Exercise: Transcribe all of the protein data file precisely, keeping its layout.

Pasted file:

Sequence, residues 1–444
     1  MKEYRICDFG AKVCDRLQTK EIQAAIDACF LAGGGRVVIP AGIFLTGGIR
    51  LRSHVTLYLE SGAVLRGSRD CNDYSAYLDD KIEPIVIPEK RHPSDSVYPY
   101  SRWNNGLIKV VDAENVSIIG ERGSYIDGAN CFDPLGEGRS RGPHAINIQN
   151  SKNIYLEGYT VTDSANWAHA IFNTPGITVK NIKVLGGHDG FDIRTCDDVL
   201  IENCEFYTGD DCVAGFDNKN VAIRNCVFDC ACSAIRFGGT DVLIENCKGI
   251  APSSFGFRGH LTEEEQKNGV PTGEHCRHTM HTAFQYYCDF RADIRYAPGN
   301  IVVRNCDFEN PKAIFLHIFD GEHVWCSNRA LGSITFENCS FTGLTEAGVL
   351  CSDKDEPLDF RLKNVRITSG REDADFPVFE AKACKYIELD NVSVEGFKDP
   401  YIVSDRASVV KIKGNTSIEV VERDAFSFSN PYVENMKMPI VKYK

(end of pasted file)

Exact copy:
Sequence, residues 1–444
     1  MKEYRICDFG AKVCDRLQTK EIQAAIDACF LAGGGRVVIP AGIFLTGGIR
    51  LRSHVTLYLE SGAVLRGSRD CNDYSAYLDD KIEPIVIPEK RHPSDSVYPY
   101  SRWNNGLIKV VDAENVSIIG ERGSYIDGAN CFDPLGEGRS RGPHAINIQN
   151  SKNIYLEGYT VTDSANWAHA IFNTPGITVK NIKVLGGHDG FDIRTCDDVL
   201  IENCEFYTGD DCVAGFDNKN VAIRNCVFDC ACSAIRFGGT DVLIENCKGI
   251  APSSFGFRGH LTEEEQKNGV PTGEHCRHTM HTAFQYYCDF RADIRYAPGN
   301  IVVRNCDFEN PKAIFLHIFD GEHVWCSNRA LGSITFENCS FTGLTEAGVL
   351  CSDKDEPLDF RLKNVRITSG REDADFPVFE AKACKYIELD NVSVEGFKDP
   401  YIVSDRASVV KIKGNTSIEV VERDAFSFSN PYVENMKMPI VKYK